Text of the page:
The album’s penultimate track is called “Abaddon’s Pit” and is the shortest and most death metal oriented track on this release in which I particularly noticed the symmetry between Sven’s vocal deliveries and Nico’s drum rhythms. The final track on “Morbid Nailgun Necropsy” is “Forced Into Depravity” and is a definite highlight track on this full-length. It features beautifully extreme melodies, grinding vocals and beats, sharp bass, sweet guitar solo work and more. It’s pretty much the quintessential Carrion song and a perfect ending to a great album.
I recall back when I was writing my review of “Time To Suffer,” that there was still something missing within Carrion, that some things of their sound still weren’t up to their full potential and now that I’m older and (hopefully) wiser and (definitely) more experienced, I can now determine what Carrion’s sound felt missing back then that is present now in this new full-length.
It’s two things actually, first and foremost, “Morbid Nailgun Necropsy” has a much better production which makes Carrion’s sound on record feel just as impactful as it is live. Second, the band’s pacing has improved as well. Carrion has always been known for frequently changing the tempo and delivery within their songs (sometimes focusing on speed and grind while at other times focusing on melody and impact) but in this new album, they’ve further perfected this. The aforementioned changes are now better timed and therefore feel more impactful and unpredictable and thus making the Carrion whole package feel tighter and more engaging than ever before. Is there anything that I think could still be improved within Carrion, not much actually, but I wouldn’t mind having just a bit more melody and some additional guitar solo work.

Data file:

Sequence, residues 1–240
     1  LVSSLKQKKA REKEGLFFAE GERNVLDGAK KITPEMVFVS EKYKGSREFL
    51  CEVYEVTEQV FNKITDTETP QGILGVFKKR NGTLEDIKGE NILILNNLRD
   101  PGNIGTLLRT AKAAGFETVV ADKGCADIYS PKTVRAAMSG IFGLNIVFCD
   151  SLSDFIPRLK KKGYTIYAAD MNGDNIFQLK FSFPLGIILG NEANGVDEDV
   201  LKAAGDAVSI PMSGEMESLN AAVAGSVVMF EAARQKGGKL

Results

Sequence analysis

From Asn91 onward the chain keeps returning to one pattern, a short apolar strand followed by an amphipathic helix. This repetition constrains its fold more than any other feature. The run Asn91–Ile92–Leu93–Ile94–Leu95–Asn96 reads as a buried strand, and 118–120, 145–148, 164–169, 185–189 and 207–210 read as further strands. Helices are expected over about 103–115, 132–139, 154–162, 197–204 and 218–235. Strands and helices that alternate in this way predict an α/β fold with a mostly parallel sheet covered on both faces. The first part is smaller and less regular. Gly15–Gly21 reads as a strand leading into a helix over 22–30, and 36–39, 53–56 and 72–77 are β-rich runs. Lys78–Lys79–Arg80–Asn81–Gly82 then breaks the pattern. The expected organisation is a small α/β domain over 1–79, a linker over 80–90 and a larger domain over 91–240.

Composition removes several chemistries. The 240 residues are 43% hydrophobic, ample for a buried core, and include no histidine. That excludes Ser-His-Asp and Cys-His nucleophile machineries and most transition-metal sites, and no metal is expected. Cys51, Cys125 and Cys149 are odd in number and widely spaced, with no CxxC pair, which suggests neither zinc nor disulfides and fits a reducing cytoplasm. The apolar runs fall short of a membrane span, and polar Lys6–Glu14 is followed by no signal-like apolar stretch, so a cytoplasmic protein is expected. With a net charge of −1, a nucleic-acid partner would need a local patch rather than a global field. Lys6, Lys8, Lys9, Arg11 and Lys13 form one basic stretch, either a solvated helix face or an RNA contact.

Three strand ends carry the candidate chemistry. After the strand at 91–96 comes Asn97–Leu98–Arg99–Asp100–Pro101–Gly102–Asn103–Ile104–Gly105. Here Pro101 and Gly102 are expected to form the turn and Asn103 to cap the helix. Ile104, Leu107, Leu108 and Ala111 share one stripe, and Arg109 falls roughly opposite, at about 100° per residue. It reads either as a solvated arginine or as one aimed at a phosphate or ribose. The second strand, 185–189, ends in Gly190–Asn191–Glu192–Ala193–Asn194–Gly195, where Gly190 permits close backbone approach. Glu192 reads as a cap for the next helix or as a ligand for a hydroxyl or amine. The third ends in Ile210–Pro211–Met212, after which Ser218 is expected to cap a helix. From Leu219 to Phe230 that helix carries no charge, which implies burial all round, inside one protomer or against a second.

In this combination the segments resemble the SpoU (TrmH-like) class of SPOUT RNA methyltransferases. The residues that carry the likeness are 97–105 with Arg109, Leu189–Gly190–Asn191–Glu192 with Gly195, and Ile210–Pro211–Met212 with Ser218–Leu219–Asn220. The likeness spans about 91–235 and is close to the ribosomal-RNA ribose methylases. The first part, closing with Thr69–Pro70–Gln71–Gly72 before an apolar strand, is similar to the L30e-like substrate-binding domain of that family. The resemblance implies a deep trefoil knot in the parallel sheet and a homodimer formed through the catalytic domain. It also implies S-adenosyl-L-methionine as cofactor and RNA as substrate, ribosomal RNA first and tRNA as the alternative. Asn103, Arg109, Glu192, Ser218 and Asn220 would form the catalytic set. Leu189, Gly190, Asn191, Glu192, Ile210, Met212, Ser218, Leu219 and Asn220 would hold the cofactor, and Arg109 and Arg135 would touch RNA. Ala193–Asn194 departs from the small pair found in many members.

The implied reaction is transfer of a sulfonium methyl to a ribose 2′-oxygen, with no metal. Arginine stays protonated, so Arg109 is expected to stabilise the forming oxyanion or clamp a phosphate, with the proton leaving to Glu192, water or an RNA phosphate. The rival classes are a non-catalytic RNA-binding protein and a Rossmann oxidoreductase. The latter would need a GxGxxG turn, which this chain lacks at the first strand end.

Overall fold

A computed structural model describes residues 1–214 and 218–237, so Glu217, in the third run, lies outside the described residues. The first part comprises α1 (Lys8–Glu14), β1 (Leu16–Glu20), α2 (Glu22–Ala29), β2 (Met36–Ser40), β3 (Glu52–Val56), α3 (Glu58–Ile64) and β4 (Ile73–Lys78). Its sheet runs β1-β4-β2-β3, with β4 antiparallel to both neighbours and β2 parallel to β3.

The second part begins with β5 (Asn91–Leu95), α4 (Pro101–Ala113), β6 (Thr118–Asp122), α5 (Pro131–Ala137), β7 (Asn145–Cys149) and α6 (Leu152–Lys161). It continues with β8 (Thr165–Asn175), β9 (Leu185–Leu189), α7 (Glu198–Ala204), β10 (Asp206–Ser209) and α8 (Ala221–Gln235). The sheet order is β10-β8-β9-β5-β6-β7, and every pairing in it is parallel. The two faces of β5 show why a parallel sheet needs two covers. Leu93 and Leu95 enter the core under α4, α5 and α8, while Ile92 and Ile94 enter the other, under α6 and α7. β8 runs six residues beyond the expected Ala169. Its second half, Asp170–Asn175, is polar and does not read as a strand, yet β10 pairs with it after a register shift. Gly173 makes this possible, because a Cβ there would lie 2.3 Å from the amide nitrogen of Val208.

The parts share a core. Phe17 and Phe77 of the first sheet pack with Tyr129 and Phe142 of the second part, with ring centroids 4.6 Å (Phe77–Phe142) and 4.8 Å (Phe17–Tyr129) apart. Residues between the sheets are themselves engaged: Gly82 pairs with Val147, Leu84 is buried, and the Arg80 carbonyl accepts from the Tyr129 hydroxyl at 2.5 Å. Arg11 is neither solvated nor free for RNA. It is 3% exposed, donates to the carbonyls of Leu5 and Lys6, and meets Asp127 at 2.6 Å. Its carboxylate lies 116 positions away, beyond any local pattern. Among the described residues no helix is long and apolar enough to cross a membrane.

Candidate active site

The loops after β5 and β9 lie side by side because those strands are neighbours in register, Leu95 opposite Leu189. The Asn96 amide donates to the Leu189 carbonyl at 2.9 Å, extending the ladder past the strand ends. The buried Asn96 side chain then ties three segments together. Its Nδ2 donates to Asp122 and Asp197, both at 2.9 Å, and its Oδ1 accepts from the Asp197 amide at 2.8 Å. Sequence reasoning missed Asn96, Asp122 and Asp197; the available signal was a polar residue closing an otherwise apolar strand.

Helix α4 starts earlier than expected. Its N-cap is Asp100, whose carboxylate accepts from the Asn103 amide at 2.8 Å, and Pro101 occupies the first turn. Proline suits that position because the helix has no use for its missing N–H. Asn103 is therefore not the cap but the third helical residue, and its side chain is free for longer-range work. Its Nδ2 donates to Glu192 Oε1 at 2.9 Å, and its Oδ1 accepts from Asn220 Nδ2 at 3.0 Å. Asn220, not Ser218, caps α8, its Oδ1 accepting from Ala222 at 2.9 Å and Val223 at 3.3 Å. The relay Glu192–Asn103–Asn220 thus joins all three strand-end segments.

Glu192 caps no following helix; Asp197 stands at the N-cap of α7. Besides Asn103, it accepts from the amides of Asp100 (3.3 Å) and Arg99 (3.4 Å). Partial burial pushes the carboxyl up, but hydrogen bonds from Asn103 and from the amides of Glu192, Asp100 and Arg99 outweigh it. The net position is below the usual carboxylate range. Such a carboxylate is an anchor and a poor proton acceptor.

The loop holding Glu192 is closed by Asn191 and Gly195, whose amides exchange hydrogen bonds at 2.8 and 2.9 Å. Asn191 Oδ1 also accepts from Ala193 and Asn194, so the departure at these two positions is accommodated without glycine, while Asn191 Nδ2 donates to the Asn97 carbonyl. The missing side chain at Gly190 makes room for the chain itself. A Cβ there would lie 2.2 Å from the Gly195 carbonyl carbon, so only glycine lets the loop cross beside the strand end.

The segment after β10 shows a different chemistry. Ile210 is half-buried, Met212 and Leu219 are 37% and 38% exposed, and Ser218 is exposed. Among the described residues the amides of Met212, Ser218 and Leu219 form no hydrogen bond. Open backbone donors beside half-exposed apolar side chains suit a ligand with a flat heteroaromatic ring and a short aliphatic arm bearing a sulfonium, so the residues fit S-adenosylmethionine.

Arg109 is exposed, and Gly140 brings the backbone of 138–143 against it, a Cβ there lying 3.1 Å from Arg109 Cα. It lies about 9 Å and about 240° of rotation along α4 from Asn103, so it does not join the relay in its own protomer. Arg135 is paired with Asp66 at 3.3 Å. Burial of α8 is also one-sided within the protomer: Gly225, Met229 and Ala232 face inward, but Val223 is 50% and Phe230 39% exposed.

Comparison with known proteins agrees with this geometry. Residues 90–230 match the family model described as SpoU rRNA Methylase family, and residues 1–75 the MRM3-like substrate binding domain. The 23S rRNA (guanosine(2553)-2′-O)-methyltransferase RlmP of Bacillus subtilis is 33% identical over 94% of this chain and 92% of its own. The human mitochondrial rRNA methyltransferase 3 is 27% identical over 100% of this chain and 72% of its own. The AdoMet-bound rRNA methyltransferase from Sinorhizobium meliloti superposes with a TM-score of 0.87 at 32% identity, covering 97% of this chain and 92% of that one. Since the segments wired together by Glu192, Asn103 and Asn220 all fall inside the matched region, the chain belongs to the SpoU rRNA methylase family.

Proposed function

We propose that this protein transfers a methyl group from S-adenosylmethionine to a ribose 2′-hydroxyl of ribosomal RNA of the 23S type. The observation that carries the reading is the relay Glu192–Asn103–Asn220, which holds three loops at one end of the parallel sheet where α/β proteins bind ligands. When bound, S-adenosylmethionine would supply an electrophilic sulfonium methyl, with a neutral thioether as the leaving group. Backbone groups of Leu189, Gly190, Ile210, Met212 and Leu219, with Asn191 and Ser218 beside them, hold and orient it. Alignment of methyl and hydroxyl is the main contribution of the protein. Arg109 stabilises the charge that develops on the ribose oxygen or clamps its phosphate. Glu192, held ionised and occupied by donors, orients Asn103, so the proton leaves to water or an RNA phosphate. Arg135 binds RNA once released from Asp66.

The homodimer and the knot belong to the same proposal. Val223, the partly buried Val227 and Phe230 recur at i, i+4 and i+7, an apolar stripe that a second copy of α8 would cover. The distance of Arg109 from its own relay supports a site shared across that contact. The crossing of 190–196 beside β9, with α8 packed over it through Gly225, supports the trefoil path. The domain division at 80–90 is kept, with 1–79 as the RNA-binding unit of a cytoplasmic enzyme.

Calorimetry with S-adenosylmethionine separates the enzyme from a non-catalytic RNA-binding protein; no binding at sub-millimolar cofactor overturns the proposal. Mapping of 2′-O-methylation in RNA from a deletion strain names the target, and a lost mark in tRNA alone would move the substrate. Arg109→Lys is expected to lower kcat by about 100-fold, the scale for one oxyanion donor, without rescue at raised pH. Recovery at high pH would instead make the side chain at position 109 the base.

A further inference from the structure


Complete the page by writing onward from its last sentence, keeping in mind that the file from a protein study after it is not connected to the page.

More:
Carrion’s “Morbid Nailgun Necropsy” once again features a ginger-haired man as the artwork’s main character. This time dressed up as a Leatherface-esque surgeon/construction worker inserting totally sterile nails into his patient’s cut-open chest. While the artwork itself could be considered gruesome by its mere description, the whole art has a colorful, comic book feel to it that makes the gory imagery feel a bit campy. It reminds me of the artwork of another top tier Belgian death metal act called Serial Butcher whose artwork also features gory images of human butchery, torture and vivisection but also presented in a colorful and almost cartoony way thus making it more funny than scary.
[SHARPEST SHREDS & BLUNTEST BLADES]
The title track of “Morbid Nailgun Necropsy” is a definite favorite for me. The song is such a successful marriage of modern death metal and grindcore that, as would expect in these two subgenres were a couple, would lead to a short wedding ceremony followed by a night of intense sexual intercourse. Other favorites of mine include the opening tracks “Eradication” and “Nematodes” as well as the album’s finale “Forced Into Depravity.”
My less favorite tracks are mainly “Gingeritis” and “Cofagrigus” for neither of those two tracks suck with me just as much as several of the other songs on “Morbid Nailgun Necropsy” and believe Carrion was aware of that since they’ve but both tracks in the album’s middle while keeping their strongest songs at the beginning and end. Starting strong and finishing even stronger, I like that! A lot!
8,5 Leatherfaced gingers out of 10. With this new album, Carrion has managed to further perfect their already well-cooked blend of American-styled death and grind metal. Add to that the significantly beefier production and I can confidently say that “Morbid Nailgun Necropsy” stands as Carrion’s magnum opus, for the time being.